The question of if Bigfoot exists has graduated from mysterious footprints and fuzzy images to the forensics of DNA research.
News reports last week suggesting that Bigfoot DNA evidence had been analyzed and confirmed through the peer-reviewed DeNovo Scientific Journal raised questions over the legitimacy of the publication.
Questions were also raised -- and have still not been fully answered -- about Texas veterinarian Melba Ketchum's involvement with the journal, threatening the credibility of her five-year study of various alleged Bigfoot DNA samples.
Ketchum's Sasquatch Genome Project site has released the following short video, reportedly showing a sleeping Bigfoot in Kentucky in 2005:
The video above certainly raises many questions about the circumstances surrounding an alleged sleeping Sasquatch.
Ketchum has felt that the scientific community tried to prevent her work from seeing the light of day.
"We encountered the worst scientific bias in the peer review process in recent history," Ketchum wrote on her Sasquatch Genome Project site.
"Several journals wouldn't even read our manuscript when we sent them a pre-submission inquiry. We were even mocked by one reviewer in his peer review. We did finally pass peer review with a relatively new journal," she wrote.
Over the past week, some have alleged that Ketchum somehow "purchased" a little-known journal in order to re-register it under a new name -- DeNovo Scientific Journal -- and then publish her own results of over 111 samples of reported Bigfoot hair, blood, toenail, saliva and skin.
"I'm certainly not ruling out the possibility that there was a conspiracy of sorts, or a concerted effort to not give this a fair shake, given the controversial matter," said Idaho State University anthropologist Jeff Meldrum, a leading academic and recognized scientific authority on Bigfoot.
"To make an end-run around the process by erecting a facade in the form of a so-called new journal and allege that it is edited and reviewed, without providing any of that information on the public web page, it appears that she has undertaken an effort to self-publish, just to get it out there," Meldrum told The Huffington Post. "And, to boot, she's charging $30 a pop for a copy of the paper."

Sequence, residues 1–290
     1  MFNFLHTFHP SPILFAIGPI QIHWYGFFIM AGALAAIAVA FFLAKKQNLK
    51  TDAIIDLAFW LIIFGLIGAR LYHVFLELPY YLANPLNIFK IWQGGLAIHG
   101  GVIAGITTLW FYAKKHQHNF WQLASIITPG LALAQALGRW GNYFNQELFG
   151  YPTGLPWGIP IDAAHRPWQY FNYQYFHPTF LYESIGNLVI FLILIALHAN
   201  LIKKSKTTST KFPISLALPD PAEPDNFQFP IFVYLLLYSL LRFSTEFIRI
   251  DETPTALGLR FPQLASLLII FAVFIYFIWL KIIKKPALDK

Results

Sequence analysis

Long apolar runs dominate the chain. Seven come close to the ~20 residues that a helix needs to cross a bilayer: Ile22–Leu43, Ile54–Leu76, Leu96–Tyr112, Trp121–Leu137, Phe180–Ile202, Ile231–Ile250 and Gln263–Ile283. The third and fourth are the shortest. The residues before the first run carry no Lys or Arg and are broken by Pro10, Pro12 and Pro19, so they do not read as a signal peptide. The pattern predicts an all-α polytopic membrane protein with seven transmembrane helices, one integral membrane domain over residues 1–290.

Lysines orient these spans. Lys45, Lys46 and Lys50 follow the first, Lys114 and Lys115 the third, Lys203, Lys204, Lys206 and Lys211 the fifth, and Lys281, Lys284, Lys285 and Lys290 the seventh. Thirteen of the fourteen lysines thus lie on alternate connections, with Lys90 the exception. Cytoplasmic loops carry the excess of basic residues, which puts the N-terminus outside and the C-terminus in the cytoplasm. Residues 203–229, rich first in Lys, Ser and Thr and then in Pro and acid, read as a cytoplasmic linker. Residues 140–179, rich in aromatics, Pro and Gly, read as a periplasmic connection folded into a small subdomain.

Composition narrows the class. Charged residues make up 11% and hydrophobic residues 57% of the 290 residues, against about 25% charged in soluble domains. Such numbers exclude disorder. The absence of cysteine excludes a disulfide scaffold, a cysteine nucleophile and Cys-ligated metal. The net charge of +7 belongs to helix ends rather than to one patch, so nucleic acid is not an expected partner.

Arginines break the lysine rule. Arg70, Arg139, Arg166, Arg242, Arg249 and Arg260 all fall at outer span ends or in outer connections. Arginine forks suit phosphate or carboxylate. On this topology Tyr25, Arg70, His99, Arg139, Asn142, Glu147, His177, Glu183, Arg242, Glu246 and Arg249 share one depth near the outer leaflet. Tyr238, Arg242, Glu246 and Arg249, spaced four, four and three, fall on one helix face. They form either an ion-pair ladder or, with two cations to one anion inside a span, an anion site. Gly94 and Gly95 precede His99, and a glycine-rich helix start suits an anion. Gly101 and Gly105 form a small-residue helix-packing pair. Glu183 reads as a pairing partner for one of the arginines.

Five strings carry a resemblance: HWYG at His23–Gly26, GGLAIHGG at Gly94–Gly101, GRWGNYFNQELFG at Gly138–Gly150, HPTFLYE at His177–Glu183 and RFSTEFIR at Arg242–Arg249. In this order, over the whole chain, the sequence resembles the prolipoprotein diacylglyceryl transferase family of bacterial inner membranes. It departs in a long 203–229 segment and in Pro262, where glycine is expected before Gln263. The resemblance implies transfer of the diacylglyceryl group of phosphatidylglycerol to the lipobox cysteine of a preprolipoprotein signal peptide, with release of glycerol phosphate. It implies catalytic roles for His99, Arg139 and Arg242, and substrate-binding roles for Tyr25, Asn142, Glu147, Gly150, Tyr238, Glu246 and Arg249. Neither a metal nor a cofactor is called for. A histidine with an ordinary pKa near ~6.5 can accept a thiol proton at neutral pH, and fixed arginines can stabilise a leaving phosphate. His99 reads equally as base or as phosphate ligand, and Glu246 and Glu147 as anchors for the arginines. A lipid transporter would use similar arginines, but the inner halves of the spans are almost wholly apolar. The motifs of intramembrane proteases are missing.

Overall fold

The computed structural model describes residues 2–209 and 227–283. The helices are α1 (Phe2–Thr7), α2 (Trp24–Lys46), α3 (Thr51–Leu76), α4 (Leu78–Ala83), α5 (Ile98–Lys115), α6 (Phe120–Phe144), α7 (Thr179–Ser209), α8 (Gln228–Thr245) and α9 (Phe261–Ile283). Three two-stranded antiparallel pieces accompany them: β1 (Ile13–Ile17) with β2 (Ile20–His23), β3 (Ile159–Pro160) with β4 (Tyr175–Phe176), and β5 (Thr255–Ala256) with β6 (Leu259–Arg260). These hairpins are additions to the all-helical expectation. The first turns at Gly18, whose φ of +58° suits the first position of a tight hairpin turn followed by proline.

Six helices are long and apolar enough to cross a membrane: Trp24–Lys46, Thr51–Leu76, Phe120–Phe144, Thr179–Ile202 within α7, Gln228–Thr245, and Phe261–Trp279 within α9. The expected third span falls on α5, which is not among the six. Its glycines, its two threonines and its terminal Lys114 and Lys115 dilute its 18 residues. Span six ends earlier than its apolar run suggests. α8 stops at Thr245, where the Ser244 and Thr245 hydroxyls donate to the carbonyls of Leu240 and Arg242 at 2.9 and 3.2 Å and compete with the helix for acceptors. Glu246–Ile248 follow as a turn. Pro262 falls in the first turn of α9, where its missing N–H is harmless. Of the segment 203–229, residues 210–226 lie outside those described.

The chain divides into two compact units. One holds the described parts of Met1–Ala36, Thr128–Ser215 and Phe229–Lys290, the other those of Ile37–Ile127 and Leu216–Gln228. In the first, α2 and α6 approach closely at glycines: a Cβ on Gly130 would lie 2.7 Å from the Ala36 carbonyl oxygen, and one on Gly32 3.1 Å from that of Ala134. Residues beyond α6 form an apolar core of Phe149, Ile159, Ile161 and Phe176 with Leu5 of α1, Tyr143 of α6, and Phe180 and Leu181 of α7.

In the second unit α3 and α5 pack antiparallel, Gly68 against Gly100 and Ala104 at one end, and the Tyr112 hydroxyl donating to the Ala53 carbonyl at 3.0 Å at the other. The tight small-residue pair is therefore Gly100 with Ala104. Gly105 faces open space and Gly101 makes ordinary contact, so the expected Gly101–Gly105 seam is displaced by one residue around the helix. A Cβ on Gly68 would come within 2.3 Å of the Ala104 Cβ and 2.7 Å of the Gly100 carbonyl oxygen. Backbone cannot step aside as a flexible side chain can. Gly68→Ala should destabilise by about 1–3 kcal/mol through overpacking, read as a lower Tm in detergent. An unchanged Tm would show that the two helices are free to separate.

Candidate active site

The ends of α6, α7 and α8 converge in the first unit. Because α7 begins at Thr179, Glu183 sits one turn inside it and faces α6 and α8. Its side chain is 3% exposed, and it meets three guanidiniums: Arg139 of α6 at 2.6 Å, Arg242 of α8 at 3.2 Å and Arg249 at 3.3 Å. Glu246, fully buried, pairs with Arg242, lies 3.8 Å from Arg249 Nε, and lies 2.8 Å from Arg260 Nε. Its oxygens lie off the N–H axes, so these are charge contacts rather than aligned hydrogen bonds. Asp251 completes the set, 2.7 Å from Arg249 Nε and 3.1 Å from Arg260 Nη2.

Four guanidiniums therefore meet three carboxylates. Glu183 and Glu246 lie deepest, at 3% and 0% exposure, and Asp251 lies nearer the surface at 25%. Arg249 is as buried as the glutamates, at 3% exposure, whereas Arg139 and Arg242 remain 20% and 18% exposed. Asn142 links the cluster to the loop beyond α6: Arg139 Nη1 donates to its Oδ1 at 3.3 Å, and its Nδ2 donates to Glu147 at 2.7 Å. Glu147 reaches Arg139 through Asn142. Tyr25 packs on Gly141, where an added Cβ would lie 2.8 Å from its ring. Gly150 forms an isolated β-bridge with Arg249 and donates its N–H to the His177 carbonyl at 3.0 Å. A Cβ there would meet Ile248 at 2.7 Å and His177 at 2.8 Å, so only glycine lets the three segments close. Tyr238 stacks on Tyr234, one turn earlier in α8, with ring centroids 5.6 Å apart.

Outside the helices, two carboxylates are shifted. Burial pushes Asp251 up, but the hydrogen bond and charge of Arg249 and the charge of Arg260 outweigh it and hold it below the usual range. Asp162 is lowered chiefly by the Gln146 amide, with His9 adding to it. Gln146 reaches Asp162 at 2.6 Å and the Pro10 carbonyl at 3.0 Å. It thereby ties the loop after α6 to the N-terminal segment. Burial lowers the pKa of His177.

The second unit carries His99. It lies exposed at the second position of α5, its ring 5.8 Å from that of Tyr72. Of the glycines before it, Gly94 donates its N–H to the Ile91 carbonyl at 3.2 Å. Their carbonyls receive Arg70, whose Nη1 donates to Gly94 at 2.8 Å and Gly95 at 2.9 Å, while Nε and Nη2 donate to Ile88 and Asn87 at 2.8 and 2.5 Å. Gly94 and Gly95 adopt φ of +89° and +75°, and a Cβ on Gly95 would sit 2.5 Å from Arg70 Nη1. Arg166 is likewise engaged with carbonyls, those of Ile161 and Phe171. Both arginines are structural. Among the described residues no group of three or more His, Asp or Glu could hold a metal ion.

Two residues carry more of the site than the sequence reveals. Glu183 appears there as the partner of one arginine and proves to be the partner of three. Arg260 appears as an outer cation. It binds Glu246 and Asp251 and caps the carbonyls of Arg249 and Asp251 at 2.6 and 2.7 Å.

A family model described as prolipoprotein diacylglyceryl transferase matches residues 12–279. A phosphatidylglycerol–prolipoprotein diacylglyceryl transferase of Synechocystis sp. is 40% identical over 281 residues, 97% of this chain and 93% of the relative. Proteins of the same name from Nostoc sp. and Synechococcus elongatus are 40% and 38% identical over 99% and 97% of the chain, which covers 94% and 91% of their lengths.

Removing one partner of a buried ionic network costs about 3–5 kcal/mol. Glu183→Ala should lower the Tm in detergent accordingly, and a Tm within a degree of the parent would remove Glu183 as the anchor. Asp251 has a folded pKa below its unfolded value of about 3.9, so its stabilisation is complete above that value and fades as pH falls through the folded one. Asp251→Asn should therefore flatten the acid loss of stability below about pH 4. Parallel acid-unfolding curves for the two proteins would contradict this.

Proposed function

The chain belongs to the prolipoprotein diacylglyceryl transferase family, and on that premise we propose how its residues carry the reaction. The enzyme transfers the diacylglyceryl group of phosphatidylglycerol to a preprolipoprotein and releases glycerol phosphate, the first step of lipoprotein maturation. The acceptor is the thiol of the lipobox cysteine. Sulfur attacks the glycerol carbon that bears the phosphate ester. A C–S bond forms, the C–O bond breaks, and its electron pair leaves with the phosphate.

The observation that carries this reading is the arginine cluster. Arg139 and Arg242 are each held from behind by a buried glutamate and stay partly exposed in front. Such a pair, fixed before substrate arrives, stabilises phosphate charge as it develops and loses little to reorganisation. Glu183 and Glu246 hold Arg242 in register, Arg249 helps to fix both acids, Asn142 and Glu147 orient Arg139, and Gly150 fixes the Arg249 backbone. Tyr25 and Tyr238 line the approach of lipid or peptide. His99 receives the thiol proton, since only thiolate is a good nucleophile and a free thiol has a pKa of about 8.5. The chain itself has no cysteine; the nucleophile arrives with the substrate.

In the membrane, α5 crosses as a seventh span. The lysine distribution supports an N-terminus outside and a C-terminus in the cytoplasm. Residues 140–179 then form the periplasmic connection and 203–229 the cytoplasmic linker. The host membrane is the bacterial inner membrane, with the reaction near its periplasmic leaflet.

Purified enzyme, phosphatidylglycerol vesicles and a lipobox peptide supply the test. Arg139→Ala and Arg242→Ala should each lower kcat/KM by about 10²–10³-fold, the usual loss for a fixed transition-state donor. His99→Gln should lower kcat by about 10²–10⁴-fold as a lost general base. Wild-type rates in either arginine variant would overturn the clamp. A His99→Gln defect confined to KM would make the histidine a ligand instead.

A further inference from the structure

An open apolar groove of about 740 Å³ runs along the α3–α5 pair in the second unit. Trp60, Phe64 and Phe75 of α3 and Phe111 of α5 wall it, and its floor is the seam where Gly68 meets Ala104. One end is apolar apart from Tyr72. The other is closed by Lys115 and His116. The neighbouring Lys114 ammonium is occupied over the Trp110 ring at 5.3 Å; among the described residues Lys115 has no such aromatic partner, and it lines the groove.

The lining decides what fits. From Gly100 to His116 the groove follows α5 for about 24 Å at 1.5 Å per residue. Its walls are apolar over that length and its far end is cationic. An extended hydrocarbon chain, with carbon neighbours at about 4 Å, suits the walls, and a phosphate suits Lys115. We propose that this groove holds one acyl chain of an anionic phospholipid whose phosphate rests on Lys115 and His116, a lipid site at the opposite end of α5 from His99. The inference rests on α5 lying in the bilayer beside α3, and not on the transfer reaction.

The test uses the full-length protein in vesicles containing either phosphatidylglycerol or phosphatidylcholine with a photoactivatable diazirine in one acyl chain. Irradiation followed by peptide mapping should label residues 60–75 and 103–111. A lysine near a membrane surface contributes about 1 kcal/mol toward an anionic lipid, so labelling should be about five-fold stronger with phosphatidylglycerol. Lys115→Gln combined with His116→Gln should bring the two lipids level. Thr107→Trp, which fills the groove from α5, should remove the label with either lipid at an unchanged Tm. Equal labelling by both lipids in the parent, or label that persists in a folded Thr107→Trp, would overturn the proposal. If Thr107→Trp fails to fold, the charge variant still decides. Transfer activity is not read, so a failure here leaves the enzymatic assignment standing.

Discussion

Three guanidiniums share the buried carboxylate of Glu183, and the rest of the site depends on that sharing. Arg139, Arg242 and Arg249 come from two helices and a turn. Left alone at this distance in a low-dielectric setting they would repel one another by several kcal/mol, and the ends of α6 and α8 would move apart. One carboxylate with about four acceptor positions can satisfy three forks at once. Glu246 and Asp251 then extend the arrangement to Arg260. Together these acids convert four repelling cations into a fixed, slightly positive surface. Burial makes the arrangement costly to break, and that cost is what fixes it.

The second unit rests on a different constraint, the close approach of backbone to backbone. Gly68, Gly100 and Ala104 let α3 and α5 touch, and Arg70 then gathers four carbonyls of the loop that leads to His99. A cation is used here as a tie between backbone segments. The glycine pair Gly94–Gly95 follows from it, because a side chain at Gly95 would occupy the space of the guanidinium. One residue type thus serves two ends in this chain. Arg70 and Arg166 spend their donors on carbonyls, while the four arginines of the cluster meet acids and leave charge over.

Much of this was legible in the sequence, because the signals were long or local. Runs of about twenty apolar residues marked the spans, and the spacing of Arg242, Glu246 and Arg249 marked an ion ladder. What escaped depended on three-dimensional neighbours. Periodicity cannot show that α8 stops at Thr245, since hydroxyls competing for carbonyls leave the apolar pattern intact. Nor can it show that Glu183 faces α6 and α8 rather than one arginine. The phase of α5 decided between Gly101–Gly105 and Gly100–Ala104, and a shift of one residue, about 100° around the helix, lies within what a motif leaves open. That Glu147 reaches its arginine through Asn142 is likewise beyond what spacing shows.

Meldrum said he doesn't think any credible scientific journal would shy away from the topic simply because of its controversial nature.
"I wouldn't rule it out entirely. There are certainly politics involved in the selection of papers. If it's solid work, this is the discovery of the century, if not the millennium," Meldrum said.
"Any journal, if they were confident in the results and in the expertise of their reviewers, and it came down positive -- I would think they would clamor for the opportunity to have that on the front cover of their journal."
While this drama was played out in the media, other related Bigfoot DNA stories quietly emerged.
In Colorado, a group of researchers that contributed possible Bigfoot samples to Ketchum's study claim to have evidence that could prove Bigfoot's existence.
"This DNA is like nothing else in the world," Paulides said about strands of hair from a reported Sasquatch in Northern California. "This isn't an animal. This is a subspecies of a human, and we believe they travel in groups."
While this information came out of Colorado, researchers in Arizona were talking about the DNA analysis of a possible Bigfoot toenail -- and a potential sighting.
"When I saw [Bigfoot], it was lifting branches up with its arms and walking into the space through the thickets at the side of the road," said Alex Hearn of the Arizona Cryptozoological Reasearch Organization.
Hearn told TV affiliate CBS 5 in Phoenix that a resident in nearby Seligman discovered a reported Bigfoot toenail.
The toenail sample was among the materials given to Ketchum for her DNA analysis. While it's not known definitively if the toenail comes from an unknown primate, Hearn acknowledged that not everyone believes in Bigfoot.
"I don't try to persuade them. But I will show them the evidence that we found. They're welcome to come with us," he said.
Exactly how the Ketchum-DeNovo Scientific Journal issue will play out is still up in the air.
In a previous statement, Ketchum said that her Bigfoot DNA research was an important step toward obtaining some sort of legal, protective status for the alleged creature.
"Government at all levels must recognize them as an indigenous people and immediately protect their human and Constitutional rights against those who would see in their physical and cultural differences a 'license' to hunt, trap or kill them."